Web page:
If you’re new to freight brokering, you’re likely going to run into a situation where a driver is requesting to be paid for detention at some point. Detention is common in trucking, but what is it? Why do we pay it? And how can we limit how often it’s paid? In this blog, I’m going to break it all down for you.
What is Detention?
Simply put, detention pay is an accessorial charge that a driver is paid when they have to wait an extended amount of time at a pickup or delivery location. The generally accepted amount of time that a driver is expected to wait without any extra pay is usually around two hours. This is what’s called “free time''. Anything after that two hours will typically result in the driver asking for extra money, or detention pay. Detention exists to compensate drivers for their extra time that is wasted, which can lead to some snowball effects, and we’ll be covering that later on.
Why Does Detention Happen?
So why does detention actually happen? There’s a variety of scenarios that can cause detention, but I’ll cover two of the most common situations: congestion at a customer’s facility, or delays in production.
If a customer’s facility is congested or has poor infrastructure, it makes it difficult to get trucks in and out in an efficient manner. This is one of the leading causes of detention. It can be caused due to an excessive amount of trucks coming in and out of a facility, a lack of loading doors, or just a poorly laid out shipping and receiving area. If a driver has to wait for other drivers to leave before they can pull into a dock, time is wasted, and everybody loses. The driver loses valuable time which affects their hours of service, the customer risks their shipment arriving late, and the costs add up.
Delays in production or a shipment simply just not being ready to load can cause detention as well. A driver can show up on time at a facility that has little to no congestion, but if the freight isn’t ready to load or unload, you run into the same situation, time wasted. It can happen because the loading or unloading equipment isn’t available like a crane or forklift, or the actual product just isn’t ready yet. Maybe production is delayed, or perhaps it’s not fully packaged and ready to be loaded. Either way, it’s frustrating for everyone involved.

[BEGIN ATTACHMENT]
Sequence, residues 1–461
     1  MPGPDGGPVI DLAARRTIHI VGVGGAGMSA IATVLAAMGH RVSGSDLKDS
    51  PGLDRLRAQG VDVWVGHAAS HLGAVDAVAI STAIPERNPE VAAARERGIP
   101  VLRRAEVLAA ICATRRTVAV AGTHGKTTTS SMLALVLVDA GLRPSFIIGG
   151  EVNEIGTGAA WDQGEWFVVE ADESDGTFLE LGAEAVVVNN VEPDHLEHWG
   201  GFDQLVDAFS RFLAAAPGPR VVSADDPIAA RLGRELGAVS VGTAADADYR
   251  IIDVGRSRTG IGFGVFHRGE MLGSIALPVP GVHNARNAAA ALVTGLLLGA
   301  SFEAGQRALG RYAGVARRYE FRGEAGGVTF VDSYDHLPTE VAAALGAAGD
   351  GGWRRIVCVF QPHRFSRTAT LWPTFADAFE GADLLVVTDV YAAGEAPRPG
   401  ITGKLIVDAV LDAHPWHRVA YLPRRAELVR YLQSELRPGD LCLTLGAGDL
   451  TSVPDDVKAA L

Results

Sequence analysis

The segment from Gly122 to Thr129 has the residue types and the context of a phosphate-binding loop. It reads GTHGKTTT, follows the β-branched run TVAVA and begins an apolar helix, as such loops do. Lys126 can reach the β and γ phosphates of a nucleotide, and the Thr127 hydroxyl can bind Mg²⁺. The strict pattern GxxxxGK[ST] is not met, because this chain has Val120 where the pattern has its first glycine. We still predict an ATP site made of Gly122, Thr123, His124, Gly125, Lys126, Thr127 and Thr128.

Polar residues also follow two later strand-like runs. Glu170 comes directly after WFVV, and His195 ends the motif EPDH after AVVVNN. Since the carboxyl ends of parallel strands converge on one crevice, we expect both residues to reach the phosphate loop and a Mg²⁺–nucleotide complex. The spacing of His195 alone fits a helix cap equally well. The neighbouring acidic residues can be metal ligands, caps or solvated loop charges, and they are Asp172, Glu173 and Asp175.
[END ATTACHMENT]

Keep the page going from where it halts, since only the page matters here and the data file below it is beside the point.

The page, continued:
The Snowball Effect
Like I mentioned earlier, there is a snowball effect that happens when we run into a detention situation. The FMCSA regulates the amount of time a driver can spend working each day, and this is called the hours of service rule. A driver is allowed to work for 14 hours in any given day, but can only drive for 11 of those 14 hours to account for breaks and rest time. Drivers want to maximize the amount of time they spend driving so they can maximize their earnings. If a driver runs into a detention situation, they are already wasting two hours waiting plus the detention time. Let’s look at a scenario.
A driver has to wait three hours to get loaded at a customer facility which causes them to hit the road later than they originally planned to head to the next stop. Due to this delay, they end up driving 100 miles less that day than they originally planned before they park for the night and take their ten hour reset. The next day the driver heads to the delivery which has an appointment time to unload. Due to the delay, they miss their appointment and have to wait to be unloaded until the dock has room for them to pull up and park. This can lead to even more detention time. This can lead to even more issues with the hours of service rule and the driver could potentially miss their arrival time at their next step or load pickup. You can see here how the original waiting time snowballed into a worse and worse situation.
Nobody Likes Detention
There’s a misconception that drivers like getting detention because it’s just extra money on top of what they originally agreed to haul a load for. That’s not really the case though. Time is money in our industry, and getting a hundred bucks extra for waiting four hours isn’t going to account for the amount of money a driver can earn when they are actually moving. $50 an hour for detention is a pretty reasonable rate, but consider how much a driver earns when they are actually driving. If a driver earns $3.00 per mile on a load and drives at an average of 60 miles per hour, they are earning $180 per hour that they are driving. If they wait four hours at a facility and are compensated $100 for two hours of detention, they’re losing out on what they could be making if they are spending their time more efficiently.
Customers don’t like detention either. It costs them money, since they are the ones that are usually responsible to pay for it. They also run the risk of delaying the delivery time to their customer on the receiving end. That’s why we, as brokers, should try to do everything we can to prevent detention from happening. We should be talking with both our customer and the carrier to verify that a shipment is ready, the appointment or arrival times are still good, and anything else that could result in a delay. Good communication is key in this industry, and it can be the difference between a smooth loading or unloading and delays that result in detention. Detention can be frustrating. It can damage relationships between shippers, brokers, and carriers, and we need to do everything we can to prevent it.